Today the Seahawks made a rather shocking transaction, trading wide receiver Percy Harvin to the New York Jets for a 2015 conditional draft pick. The draft pick could range anywhere from a 2nd round pick to a 4th round pick, however it has not been disclosed how the pick will be determined (i.e. Harvin’s playing time, etc.). Here are my brief thoughts on today’s trade.
In the short term I am not a fan of this trade. Without Percy Harvin our two starting wide receivers are now Doug Baldwin and Jermaine Kearse with Ricardo Lockette likely seeing an expanded role. Baldwin will likely return kickoffs. Paul Richardson and Kevin Norwood (who is now on the active roster) may also be called upon in an expanded role moving forward. Losing Golden Tate in free agency also makes this trade look worse at this point; because the Seahawks are simply down a receiver and now will move forward without the on-field talents of both players.
Something that head coach Pete Carroll and general manager John Schneider have preached since day one is that it is their way or the highway; if you do not agree with the philosophy of the organization, no matter who you are, you will be gone. This is exactly what happened in Percy Harvin’s case. Multiple reports suggest that Harvin had become a cancer in the Seahawks locker room and that his anger issues had become a serious problem. Lance Zierlein, a sports talk personality in Houston called in to Sports Radio 950 KJR this afternoon to shed some light on the situation, which included multiple incidents that may have expedited the end of the line for Harvin in Seattle. Zierlein reported that back during Super Bowl week in January, Harvin got into a heated argument with then-Seahawks receiver Golden Tate. The confrontation led to Harvin punching Tate in the face, and you can tell that the remnants of Tate’s black eye were still visible during the Super Bowl postgame awards ceremony. Over the offseason and into this season Harvin was becoming increasingly upset about his situation in Seattle and complained that he wanted out. The final straw came earlier this season when Harvin initiated a shouting match with Russell Wilson which nearly led to a fight. From the organizations standpoint, you can’t pick a fight with the quarterback and expect to stick around. It was then that the front office realized it needed to move Harvin immediately before the entire locker room culture was destroyed.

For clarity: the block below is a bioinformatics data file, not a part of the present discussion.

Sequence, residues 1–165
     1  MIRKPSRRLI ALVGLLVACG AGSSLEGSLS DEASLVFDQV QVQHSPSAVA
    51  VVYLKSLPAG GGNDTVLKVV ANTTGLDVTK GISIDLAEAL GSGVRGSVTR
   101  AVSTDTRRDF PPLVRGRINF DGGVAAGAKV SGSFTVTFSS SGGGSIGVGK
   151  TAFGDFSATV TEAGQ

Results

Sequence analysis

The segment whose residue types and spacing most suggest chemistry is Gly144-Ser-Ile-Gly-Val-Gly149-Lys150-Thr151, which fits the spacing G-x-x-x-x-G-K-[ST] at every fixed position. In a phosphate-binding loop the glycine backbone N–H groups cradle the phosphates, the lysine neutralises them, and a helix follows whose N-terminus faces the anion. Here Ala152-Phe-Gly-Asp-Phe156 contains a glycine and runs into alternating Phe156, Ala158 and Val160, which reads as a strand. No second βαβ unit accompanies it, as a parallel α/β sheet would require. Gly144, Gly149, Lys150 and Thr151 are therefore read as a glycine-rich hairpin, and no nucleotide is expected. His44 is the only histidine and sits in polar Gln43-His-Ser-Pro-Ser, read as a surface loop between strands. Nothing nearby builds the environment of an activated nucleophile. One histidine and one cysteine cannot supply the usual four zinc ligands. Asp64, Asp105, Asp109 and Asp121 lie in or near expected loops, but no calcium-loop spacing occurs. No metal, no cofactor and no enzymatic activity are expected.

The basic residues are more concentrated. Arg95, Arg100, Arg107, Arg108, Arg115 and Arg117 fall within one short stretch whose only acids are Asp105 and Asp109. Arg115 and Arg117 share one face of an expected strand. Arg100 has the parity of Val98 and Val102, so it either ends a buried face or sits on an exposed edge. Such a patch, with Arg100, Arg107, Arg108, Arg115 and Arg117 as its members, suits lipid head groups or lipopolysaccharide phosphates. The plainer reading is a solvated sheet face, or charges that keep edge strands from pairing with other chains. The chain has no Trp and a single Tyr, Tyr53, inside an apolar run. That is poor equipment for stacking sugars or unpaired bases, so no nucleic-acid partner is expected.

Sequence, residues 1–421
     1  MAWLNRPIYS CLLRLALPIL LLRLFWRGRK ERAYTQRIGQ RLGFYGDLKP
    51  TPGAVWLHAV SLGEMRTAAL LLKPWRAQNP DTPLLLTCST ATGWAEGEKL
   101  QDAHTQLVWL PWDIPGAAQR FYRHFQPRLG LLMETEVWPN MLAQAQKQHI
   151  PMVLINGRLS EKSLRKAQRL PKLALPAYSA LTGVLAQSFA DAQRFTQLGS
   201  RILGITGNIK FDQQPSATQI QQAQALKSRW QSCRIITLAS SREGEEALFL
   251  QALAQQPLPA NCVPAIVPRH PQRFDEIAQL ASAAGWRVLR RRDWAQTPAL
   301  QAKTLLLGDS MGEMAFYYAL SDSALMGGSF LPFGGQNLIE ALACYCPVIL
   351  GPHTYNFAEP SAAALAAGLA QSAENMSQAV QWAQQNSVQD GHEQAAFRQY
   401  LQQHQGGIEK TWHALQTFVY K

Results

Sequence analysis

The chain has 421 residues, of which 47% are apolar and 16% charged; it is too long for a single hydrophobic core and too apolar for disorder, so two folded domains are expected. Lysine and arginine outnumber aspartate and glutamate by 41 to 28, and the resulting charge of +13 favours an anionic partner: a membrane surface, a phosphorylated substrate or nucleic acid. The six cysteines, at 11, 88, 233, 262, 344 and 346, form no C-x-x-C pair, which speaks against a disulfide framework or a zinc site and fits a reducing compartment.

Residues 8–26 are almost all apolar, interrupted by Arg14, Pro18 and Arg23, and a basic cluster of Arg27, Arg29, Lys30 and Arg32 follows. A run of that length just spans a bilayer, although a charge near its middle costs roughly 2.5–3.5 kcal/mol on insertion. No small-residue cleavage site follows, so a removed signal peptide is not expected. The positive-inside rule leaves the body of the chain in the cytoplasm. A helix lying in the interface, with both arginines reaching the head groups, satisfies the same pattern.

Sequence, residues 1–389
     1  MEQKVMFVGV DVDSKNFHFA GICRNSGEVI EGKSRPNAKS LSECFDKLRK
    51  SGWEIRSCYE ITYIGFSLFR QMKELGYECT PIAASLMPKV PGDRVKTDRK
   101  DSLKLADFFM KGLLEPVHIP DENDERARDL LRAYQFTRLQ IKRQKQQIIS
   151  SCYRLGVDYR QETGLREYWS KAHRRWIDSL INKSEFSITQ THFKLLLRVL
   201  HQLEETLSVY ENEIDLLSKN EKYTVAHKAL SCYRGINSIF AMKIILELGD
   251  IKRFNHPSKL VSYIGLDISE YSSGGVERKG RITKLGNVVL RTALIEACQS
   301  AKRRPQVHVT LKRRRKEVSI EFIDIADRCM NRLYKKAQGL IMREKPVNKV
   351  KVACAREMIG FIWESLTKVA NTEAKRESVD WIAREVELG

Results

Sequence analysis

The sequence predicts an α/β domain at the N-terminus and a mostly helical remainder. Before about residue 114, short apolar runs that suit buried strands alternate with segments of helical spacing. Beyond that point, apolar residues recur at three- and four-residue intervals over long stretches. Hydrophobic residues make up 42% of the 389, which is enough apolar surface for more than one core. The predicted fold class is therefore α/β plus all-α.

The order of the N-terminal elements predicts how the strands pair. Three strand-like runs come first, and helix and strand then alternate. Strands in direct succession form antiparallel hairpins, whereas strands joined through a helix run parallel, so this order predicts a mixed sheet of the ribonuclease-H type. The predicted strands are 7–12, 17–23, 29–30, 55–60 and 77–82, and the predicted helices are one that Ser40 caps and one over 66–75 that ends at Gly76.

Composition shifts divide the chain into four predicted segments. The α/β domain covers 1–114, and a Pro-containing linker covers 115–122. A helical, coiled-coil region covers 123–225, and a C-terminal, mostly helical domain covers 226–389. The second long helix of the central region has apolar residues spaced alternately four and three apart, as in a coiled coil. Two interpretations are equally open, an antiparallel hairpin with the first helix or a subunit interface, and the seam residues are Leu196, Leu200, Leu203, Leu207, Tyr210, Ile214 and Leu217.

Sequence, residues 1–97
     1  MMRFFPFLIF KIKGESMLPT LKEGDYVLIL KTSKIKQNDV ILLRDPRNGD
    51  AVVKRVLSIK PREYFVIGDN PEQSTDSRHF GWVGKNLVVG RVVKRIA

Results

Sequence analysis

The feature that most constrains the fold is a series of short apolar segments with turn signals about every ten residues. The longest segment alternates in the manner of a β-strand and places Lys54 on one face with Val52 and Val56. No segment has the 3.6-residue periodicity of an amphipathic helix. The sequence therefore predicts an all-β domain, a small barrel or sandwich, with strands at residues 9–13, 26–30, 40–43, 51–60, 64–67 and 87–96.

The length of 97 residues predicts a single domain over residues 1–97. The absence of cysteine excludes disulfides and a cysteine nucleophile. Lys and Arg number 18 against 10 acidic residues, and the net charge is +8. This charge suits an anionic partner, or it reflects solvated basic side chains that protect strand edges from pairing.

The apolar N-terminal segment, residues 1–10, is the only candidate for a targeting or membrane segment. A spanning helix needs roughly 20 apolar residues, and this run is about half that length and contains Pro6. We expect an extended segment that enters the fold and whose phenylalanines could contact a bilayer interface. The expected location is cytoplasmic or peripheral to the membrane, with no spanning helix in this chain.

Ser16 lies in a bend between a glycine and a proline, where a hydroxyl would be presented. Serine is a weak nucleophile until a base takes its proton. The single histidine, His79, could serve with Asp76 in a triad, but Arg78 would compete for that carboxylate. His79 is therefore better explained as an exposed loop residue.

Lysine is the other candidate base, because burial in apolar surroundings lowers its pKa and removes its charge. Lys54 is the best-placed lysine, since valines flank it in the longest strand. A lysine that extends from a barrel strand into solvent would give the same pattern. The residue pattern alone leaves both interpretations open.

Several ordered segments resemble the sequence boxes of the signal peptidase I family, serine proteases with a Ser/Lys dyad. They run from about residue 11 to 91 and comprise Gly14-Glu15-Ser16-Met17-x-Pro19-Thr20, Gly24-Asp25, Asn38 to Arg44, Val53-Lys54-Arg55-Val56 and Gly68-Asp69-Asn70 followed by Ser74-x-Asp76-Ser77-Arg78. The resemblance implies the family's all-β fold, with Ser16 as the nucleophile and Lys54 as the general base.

In the short term it will be tough to replace Harvin on the field, but there are two silver linings all 12’s need to take into account. First is the draft pick we will be receiving from the Jets. If all goes well and the Jets keep losing, it is possible that the draft pick we will receive will be in the mid-30’s which some may consider being a very late first rounder. Second, by moving Harvin we have more cap space to resign some of our more important players in future years. Bobby Wagner and Russell Wilson immediately come to mind in that regard.